THE COAT OF MANY COLORS
Everyone does not read the bible, and of those who do many don’t understand what is written in the scripture contained within it. The big meeting at Town of Linn last week, with respect to the coming new comprehensive plan, was not biblical in size, nature or intent. It required no preliminary understanding because there was nothing offered that might be understandable when the meeting was held. The meeting was touted to be a coloring session, with all interested parties in the Geneva Lake Community invited to work with little colored pencils, coloring in sections of an already colored map they were presented by the consultants hired by Town of Linn leadership.
Bait and switch started the meeting. The big city slicker in his colored sport coat started the meeting by making sure that everyone invited understood that of course only verifiable owners and residents of properties in the town would be coloring anything. Also, the main reason previously announced for the revamp of the town’s comprehensive plan, the controversy of high threat Lake Geneva Inn “we’ll annex to the City of Lake Geneva if you don’t allow us to commercially develop the waterfront,” was not to be discussed. Colored pencils were handed out by the man in the colored coat, pencils that wouldn’t work on the already colored in paper of the maps. The gathered flock was asked to color in areas in the town where different kinds of development should be planned. The flock didn’t know what to do.
Only one vibrant intelligent woman raised her voice to ask about the Geneva Inn and why the meeting wasn’t about dealing with that high threat issue. She was properly shushed by the man in the colored coat. The city slicker hired from the big metropolis, relatively speaking of Green Bay, stripped off his coat when some of the people at the front table complained that it was growing too hot for him to be wearing it. The biblical comparisons to the effort on that night were hard to ignore. In the scripture it reads: So they took Joseph’s tunic, killed a kid of the goats, and dipped the tunic in the blood. Then they sent the tunic of many colors, and they brought it to their father and said, “We have found this.” “Do you know whether it is your son’s tunic or not?”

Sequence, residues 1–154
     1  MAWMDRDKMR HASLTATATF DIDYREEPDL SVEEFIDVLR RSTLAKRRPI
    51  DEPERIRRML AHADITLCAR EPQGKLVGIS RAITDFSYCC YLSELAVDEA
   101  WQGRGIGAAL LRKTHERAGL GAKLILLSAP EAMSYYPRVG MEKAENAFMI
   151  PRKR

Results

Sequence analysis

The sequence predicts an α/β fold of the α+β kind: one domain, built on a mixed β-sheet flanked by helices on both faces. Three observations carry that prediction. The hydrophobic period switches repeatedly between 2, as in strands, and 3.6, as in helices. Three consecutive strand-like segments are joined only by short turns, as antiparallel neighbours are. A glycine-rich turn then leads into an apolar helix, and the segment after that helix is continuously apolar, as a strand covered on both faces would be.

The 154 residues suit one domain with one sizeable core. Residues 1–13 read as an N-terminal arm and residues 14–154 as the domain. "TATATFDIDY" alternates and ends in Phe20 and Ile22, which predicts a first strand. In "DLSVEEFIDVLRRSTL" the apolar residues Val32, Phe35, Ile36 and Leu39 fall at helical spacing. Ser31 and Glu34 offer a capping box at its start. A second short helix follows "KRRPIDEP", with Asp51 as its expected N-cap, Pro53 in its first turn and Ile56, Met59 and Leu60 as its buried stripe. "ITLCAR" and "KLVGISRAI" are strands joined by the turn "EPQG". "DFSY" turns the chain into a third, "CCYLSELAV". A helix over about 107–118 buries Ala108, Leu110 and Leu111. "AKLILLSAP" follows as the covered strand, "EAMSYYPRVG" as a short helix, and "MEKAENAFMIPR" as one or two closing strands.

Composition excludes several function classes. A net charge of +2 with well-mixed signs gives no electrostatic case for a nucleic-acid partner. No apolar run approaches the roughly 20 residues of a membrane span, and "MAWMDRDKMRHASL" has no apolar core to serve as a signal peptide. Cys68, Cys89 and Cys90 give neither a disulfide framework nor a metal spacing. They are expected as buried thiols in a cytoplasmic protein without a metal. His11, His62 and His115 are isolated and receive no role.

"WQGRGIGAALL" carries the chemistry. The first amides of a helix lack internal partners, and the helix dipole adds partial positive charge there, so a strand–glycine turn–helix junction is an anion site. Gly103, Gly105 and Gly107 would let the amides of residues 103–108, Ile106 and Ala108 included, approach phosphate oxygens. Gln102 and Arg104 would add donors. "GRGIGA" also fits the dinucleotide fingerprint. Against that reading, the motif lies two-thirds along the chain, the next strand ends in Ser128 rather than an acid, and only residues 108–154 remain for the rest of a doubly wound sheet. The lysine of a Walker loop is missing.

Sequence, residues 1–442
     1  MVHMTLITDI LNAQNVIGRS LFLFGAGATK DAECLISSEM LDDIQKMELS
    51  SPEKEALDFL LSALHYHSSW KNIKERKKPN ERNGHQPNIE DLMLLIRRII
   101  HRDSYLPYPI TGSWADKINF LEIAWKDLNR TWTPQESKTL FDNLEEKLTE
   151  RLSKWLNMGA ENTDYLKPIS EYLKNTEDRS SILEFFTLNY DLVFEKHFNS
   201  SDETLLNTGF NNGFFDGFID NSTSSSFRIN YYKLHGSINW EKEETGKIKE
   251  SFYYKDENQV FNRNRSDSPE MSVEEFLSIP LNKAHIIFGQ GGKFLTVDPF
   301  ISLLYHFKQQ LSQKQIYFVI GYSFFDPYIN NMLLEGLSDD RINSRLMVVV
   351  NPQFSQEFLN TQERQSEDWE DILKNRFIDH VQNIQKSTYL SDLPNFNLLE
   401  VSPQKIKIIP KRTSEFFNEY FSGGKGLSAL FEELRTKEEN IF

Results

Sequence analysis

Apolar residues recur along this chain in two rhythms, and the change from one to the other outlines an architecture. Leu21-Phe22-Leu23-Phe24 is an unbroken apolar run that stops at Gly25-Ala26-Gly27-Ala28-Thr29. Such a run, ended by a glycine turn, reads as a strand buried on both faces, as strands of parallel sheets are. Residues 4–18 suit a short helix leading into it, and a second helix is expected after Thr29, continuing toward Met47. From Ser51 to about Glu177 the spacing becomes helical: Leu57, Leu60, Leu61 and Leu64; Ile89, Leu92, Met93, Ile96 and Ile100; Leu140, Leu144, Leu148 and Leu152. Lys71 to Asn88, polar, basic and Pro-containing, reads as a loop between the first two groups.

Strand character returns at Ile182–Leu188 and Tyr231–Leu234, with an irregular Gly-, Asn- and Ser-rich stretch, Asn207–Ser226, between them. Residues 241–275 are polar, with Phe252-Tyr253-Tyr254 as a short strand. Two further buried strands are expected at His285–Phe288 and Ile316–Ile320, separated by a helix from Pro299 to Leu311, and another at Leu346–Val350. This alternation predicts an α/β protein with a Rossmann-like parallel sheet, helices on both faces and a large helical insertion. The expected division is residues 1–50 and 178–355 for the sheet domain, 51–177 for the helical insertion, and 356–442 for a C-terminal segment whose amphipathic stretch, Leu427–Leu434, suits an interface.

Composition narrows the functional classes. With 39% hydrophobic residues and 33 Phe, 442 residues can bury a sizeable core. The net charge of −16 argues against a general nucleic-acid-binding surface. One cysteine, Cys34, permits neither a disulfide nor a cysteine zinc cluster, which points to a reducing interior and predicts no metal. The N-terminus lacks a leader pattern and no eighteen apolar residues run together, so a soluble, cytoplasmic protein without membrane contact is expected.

The man from Green Bay was not named Joseph, and his coat was never dipped in goat’s blood. In fact, it wasn’t of many colors. It was solid blue. The coloring effort was centered around the maps distributed about the tables where so many Town of Linn interested citizens sat waiting with their packs of pencils. Once it was determined that nobody could possibly scribble within impossible to see lines, on an ridiculous map, to figure out what developments should be planned ahead to put on their neighbors’ property, without their neighbors’ permission. The evening devolved into eating the wonderful delights of salami, cheese, cookies, lemonade and all sorts of other snacks that only people living out in the country and small towns could possibly think to bring, and do so without any charge whatever.
The Town of Linn, it was stated by the ‘man with the coat of many colors’, had grown by five hundred residents over the past twenty years and was likely to grow by another five hundred in the next twenty years. The residents all seemed to be of the same mind once that data was presented, and they thought about it for a bit. The people, almost to a man, woman and child, live in a sleepy, neat and laid back part of the USA and they like it. The town has grown slowly but steadily, as they’ve had kids and their kids have had kids. They spoke eloquently by not speaking at all. They want their community to remain sleepy, neat and laid back, and they want to do it with a lot of snacks, love and good will, without worrying about Chicago, the Dells or even Green Bay big business interests coming in to rend and put “goat’s blood” all over everything.